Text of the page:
Actor-storyteller Eamon Kelly recreated this traditional form on radio, and later TV. He became known as a seanchaí. Eamon, himself, however, pointed out that he was merely an actor playing the part of one. As such, Jack maintains, “seanachie” is a precise historical term that he wouldn’t claim for himself, maintaining that it signifies individuals “embedded in and reflecting” their communities, even “wisdom in life”.



Griots in Africa - picture from Huffington Post

Responding to Jackie Kerin’s allusion to African performers she witnessed by way of comparison, Jack replied “I've heard Toumani Diabate play and I'm not surprised at his being disgruntled at the purloining of the badge of Griot - which I gather is akin to that of seanchaí.”


On the other hand, many Australians have learned to adapt traditions of diverse cultures. Adaptation needn’t mean forgetting, losing, diluting or purloining, one another's heritage. Within respectful boundaries (e.g. for ethical guidelines in approaching Aboriginal culture, see links below*), it can herald new tributaries of collaboration, understanding, healing and imagination. Is it fair to expect Australian contemporary folklorists to harbour a single static circle of lore, if co-mingling thrives at our essence? Perhaps Australian lore-keepers are more likely to be pluralists than purists?

At our 2016 Australian Fairy Tale Society conference, we discussed how universality might be “just another form of imperialism”. As Jackie quipped, “What if I don't want to belong to your collective unconscious?” (By “your”, she did not mean anyone specifically; it was an explorative question that has been circulating for a while.) Whilst I respect such reservation, I suggest we make allowance for transitory intercultural efforts. The movement under criticism, which led to such inspiring collections as World Tales by celebrated author Idries Shah, The Masks of God by anthropologist / mythographer Joseph Campbell, and various Jungian trends, emerged in a 20th century context, in the wake of the Holocaust, Cold War, Vietnam War, Apartheid in South Africa, The Stolen Generations here in Australia, and other travesties of division. A transcontinental Civil Rights movement kicked against the pricks. Universalism, or transcendentalism, was part of its energy. Now, in the 21st century, conflicts between fanatic monotheists have resurfaced. Seeking common ground is a basic tool that teachers use with dysfunctional youths. It might be simplistic, but it's better than segregation or persecution. It's a peg to hold, as we drag this mortal coil up the cliff from ravines of prejudice. To use a French analogy: “How can you expect them to fly, when you cannot even give them a feather?” Humanity is still halfway up the precipice. Rapids churn below. Let's shift the pegs of refinement later, once on firmer turf. One person's high moral ground might be a distant peak for others.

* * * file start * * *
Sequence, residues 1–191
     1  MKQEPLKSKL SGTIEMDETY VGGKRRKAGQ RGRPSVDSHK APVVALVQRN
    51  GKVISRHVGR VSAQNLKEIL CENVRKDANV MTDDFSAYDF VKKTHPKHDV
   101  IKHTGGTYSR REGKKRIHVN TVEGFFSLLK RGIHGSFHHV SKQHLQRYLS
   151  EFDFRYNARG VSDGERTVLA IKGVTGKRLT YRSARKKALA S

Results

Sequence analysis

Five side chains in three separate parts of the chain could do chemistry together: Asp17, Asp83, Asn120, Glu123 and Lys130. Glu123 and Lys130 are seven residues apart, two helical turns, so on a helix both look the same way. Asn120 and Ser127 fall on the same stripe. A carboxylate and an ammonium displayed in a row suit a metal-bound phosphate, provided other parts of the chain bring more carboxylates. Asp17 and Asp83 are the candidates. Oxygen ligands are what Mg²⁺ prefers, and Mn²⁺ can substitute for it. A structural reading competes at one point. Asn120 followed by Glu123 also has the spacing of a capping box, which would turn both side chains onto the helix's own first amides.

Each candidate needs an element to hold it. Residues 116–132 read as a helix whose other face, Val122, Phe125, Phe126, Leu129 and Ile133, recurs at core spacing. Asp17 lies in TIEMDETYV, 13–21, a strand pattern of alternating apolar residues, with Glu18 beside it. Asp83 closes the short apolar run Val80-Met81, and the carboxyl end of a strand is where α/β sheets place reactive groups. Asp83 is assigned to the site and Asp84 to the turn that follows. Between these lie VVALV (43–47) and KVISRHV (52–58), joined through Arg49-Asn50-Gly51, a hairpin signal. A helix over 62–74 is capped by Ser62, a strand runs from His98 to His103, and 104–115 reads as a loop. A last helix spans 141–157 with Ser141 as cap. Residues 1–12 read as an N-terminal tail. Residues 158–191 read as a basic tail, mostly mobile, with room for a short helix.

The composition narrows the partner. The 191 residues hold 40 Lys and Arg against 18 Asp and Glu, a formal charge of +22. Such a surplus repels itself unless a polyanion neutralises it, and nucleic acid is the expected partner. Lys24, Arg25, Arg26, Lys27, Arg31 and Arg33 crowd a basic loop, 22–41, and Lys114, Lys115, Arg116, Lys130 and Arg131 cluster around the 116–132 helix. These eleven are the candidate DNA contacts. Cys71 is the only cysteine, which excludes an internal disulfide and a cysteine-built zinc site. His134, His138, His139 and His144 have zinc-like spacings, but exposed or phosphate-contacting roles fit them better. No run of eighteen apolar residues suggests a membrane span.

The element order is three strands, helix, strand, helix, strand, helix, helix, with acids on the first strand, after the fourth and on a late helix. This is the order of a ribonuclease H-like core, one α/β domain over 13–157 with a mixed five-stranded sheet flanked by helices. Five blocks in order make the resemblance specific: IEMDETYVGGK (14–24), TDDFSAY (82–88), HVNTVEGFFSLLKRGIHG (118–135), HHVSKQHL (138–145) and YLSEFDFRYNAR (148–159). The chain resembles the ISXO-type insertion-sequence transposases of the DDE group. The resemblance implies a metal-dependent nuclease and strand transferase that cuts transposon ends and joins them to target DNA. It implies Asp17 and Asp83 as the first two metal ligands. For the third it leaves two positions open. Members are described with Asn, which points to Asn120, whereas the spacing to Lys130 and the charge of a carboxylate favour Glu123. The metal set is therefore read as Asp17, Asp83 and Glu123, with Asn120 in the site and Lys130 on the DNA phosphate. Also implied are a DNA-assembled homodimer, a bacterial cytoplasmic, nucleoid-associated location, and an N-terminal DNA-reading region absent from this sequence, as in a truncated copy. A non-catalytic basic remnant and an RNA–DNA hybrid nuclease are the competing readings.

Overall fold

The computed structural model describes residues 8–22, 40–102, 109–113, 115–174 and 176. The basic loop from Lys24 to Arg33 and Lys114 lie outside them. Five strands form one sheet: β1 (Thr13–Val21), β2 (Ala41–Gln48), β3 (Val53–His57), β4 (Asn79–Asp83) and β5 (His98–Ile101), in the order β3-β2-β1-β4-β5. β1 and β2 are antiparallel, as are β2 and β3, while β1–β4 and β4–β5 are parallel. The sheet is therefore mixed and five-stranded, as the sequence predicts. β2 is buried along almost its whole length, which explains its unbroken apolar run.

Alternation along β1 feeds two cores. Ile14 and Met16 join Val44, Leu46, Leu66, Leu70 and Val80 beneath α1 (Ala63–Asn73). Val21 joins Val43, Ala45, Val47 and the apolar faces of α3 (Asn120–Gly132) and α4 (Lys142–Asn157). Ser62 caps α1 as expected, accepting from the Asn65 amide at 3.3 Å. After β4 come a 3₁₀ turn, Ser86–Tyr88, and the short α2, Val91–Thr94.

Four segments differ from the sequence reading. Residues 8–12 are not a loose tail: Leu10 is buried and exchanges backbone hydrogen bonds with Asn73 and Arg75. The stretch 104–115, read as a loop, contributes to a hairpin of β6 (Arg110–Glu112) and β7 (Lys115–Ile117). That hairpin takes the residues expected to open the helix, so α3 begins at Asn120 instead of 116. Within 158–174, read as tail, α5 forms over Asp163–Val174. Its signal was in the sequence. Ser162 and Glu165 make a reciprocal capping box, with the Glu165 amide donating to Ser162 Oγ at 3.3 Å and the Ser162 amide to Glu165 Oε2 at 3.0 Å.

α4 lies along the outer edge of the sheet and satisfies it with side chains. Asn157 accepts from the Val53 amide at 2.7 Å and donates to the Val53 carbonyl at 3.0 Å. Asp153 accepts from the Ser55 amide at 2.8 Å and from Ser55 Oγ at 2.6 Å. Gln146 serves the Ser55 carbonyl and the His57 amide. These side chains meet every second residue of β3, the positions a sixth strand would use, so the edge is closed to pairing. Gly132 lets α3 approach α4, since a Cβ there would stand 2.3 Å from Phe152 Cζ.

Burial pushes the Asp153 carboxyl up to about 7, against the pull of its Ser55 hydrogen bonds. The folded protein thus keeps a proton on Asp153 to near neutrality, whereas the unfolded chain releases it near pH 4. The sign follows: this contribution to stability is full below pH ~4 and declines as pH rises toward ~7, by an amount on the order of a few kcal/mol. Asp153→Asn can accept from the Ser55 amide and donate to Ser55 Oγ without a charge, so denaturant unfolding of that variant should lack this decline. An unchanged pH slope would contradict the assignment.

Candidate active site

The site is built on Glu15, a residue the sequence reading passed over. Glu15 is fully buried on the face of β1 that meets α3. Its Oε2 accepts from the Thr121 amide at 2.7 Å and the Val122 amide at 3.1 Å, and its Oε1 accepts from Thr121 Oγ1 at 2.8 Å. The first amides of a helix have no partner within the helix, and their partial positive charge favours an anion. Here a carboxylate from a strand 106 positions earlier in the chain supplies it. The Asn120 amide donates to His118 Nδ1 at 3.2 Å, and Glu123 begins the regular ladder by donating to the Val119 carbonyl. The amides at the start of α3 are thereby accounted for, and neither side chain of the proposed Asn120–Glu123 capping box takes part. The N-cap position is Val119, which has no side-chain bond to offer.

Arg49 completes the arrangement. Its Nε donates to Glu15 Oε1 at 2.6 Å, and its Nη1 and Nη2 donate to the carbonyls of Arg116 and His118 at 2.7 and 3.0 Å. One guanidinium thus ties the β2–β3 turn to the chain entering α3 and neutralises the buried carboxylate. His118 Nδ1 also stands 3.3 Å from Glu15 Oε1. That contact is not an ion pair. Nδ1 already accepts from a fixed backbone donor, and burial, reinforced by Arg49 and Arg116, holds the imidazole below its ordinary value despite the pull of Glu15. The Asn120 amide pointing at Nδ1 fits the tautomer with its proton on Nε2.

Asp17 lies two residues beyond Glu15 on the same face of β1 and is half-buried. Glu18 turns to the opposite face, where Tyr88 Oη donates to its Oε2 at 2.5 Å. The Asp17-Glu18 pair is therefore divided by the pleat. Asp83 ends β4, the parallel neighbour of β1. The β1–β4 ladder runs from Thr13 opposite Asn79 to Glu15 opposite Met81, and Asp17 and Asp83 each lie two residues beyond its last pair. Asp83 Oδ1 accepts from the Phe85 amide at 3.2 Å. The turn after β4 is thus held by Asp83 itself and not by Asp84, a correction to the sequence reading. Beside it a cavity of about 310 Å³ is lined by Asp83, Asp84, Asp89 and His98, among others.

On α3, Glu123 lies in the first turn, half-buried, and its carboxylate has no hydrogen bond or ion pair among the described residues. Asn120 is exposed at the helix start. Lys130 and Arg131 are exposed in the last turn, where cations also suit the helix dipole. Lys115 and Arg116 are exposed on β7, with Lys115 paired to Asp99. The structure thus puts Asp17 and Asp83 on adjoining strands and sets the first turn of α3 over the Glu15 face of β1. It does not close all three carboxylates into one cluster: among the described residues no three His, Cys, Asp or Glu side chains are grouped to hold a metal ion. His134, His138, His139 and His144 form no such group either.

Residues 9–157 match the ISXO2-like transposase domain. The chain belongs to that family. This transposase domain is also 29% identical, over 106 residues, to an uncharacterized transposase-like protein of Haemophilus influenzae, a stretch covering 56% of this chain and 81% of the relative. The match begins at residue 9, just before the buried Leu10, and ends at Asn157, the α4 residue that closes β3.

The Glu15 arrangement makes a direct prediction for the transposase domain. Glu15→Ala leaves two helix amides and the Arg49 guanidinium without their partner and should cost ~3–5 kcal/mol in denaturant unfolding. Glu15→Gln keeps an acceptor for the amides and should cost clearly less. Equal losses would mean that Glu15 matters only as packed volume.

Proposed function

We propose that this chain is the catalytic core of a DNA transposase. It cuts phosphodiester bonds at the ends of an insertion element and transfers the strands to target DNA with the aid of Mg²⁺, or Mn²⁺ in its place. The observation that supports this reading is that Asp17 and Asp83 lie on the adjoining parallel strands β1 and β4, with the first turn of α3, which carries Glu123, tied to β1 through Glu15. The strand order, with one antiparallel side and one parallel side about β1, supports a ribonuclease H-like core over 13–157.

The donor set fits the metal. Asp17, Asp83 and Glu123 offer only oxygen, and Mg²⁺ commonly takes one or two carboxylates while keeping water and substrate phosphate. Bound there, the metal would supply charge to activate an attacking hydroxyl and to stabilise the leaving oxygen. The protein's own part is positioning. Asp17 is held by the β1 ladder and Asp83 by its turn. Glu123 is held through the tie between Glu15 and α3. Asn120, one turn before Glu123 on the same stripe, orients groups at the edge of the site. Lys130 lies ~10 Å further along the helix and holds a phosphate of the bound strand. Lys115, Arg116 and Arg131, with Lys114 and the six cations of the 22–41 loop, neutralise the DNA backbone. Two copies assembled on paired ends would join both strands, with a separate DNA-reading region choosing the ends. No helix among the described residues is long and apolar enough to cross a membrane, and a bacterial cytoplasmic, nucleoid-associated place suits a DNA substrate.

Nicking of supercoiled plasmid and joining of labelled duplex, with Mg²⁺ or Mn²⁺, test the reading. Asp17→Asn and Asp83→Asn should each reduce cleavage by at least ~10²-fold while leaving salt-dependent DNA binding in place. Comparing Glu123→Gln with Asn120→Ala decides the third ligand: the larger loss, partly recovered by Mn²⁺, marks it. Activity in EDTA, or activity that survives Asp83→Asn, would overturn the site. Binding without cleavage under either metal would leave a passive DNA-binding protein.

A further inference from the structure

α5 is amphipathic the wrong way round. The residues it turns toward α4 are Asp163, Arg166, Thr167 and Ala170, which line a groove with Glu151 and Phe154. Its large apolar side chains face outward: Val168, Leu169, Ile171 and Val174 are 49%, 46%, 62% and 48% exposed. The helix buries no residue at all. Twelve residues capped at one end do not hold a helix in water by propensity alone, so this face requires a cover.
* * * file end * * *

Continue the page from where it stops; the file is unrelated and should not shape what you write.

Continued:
(NB: The views expressed in the above two paragraphs are my own, and still forming - Louisa.)

A Holloway: a well worn ancient path, linking past to future

Do you have a word, adapted or invented, to describe an Australian storyteller of any cultural origin, whom you consider both wise and a keeper of lore? 

Email Louisa John-Krol

More info on this topic here 


Jack Lynch's website

Jackie Kerin’s website



*Resources for Aboriginal culture in Victoria:




This article is by Louisa John-Krol

I respectfully acknowledge the traditional owners of this land, associated with the Kulin Nation, on which this blog was created.

1 comment:

  1. Thanks for sharing information about this fairy tale group and this workshop. I want to arrange a charitable function for old homeless people next month and searching for affordable venues in Houston. Hope to find one quickly.

    ReplyDelete